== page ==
Potassium and CKD

The low down on Potassium – do you really need to avoid it if you have CKD?

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Today I want to talk about one of my pet peeves when it comes to dietary advice for people with chronic kidney disease (CKD) and that is the issue of potassium. 

So what is it that I take issue to?

Well, it’s the widespread belief that all people with CKD must follow a low potassium diet.

I hear this from clients (who have generally been told this by their doctor or dietitian), read it on websites discussing dietary recommendations for people with kidney disease and in comments on our Facebook page. 

But here’s the thing, not ALL people with CKD need to follow a low potassium diet. Every BODY with kidney disease is different which means there can be no ‘blanket rules’ and not only that, if you are following a low potassium diet when you don’t need to, you actually may be contributing to your kidney disease getting worse and increasing the risk of other negative effects on your health.

Have I got your attention?

Great! So, let’s delve into this topic a bit further.

What is potassium?

Potassium is an important mineral found in the foods we eat, it’s also an electrolyte which means that it conducts electrical impulses throughout the body. Potassium is critical for our health so having levels that are too high or too low can have dire consequences.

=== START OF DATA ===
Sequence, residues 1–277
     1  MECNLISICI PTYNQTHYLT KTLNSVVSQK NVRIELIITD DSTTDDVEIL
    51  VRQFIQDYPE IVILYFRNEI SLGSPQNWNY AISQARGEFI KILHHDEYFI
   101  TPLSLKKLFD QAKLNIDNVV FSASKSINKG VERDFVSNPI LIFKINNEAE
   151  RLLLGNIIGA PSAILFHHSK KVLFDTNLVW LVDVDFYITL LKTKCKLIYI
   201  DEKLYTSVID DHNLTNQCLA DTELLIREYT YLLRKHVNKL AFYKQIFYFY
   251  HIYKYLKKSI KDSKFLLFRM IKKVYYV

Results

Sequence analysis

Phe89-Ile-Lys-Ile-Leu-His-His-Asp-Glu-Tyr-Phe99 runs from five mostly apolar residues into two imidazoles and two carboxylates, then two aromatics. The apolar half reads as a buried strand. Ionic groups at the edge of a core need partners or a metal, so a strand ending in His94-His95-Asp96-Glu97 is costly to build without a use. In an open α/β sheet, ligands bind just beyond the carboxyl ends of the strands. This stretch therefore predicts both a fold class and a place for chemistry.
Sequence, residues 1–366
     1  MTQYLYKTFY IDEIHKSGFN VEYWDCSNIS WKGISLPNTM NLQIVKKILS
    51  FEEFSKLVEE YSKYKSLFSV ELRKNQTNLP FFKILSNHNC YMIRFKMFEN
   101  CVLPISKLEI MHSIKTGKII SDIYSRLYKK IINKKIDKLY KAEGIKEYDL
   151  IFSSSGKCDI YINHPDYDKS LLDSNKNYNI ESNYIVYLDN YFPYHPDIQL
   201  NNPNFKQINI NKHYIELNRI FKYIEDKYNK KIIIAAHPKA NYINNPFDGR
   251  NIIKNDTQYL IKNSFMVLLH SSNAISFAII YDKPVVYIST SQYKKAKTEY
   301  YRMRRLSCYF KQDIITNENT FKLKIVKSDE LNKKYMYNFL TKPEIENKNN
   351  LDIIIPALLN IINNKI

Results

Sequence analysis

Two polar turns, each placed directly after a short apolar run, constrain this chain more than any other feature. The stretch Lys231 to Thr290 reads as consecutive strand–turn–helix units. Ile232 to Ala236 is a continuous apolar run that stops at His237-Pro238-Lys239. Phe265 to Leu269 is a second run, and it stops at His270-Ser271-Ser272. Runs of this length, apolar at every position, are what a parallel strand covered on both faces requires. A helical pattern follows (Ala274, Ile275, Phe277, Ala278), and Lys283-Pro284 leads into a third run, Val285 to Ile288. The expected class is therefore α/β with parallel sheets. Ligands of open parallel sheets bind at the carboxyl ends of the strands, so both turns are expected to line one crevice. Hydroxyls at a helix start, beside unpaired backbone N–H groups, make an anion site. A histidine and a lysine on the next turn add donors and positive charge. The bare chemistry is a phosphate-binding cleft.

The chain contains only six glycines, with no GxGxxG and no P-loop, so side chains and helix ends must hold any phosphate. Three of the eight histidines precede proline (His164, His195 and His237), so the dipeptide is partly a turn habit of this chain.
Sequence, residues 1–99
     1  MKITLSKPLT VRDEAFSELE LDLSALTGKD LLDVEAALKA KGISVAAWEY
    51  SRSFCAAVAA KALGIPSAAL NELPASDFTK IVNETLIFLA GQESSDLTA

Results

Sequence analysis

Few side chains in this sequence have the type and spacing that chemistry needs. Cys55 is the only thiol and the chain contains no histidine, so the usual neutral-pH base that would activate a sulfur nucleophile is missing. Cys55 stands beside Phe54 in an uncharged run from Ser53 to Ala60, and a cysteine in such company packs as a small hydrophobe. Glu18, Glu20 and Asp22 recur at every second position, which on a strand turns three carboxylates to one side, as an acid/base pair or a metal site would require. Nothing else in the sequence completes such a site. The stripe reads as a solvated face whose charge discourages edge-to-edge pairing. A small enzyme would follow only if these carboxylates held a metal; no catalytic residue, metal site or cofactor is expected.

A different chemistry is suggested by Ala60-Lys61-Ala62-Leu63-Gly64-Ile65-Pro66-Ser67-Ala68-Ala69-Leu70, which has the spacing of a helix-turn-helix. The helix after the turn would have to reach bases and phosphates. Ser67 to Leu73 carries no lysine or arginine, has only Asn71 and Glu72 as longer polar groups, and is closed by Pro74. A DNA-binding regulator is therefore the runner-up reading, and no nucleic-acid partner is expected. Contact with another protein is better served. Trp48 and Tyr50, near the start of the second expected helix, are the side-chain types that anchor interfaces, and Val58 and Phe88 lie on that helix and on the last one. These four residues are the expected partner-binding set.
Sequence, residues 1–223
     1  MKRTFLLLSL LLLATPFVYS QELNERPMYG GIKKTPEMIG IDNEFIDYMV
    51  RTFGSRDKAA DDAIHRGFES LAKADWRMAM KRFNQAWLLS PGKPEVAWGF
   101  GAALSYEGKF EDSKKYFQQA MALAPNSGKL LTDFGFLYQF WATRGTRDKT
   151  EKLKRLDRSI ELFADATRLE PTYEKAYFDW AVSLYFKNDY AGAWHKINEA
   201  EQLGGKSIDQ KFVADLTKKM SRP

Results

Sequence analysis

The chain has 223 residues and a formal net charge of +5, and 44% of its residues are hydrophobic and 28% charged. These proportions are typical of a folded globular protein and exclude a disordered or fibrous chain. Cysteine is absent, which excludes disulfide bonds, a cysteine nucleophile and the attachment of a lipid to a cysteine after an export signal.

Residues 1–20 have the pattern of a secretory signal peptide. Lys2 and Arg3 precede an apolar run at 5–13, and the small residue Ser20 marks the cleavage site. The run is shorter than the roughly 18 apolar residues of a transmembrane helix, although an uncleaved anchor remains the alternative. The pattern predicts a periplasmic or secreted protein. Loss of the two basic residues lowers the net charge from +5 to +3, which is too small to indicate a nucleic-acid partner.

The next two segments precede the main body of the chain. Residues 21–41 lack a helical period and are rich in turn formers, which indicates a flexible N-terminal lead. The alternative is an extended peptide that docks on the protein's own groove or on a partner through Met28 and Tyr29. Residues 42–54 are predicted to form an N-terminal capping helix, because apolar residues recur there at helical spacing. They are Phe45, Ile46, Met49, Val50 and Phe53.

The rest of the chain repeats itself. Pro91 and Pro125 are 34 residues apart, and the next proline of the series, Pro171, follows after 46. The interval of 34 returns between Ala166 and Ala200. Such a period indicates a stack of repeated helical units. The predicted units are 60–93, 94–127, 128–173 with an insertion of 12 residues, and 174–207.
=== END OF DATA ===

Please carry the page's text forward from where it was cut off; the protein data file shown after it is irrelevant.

Some of the functions of potassium include:

  •     Maintaining normal blood pressure
  •     Transmitting nerve signals between organs
  •     Controlling muscle contractions
  •     Ensuring optimal water balance within the body
  •     Balancing pH in the body
  •     Keep heartbeat regular
  •     Regulates proper digestion processes
  •     Preventing stroke and heart disease
  •     Maintaining bone density
  •     Maintaining kidney health
  •     Moves nutrients into cells and waste products out of cells

All pretty important functions right? 

There’s a lot of discussion about the issues that can arise if potassium levels are too high, but not having enough potassium creates just as many problems.

Symptoms of high potassium